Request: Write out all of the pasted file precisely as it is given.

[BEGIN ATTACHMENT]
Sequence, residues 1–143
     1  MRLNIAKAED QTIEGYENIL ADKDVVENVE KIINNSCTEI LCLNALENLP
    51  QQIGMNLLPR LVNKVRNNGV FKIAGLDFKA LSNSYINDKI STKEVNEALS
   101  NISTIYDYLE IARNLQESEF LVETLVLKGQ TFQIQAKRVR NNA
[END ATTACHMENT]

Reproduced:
Sequence, residues 1–143
     1  MRLNIAKAED QTIEGYENIL ADKDVVENVE KIINNSCTEI LCLNALENLP
    51  QQIGMNLLPR LVNKVRNNGV FKIAGLDFKA LSNSYINDKI STKEVNEALS
   101  NISTIYDYLE IARNLQESEF LVETLVLKGQ TFQIQAKRVR NNA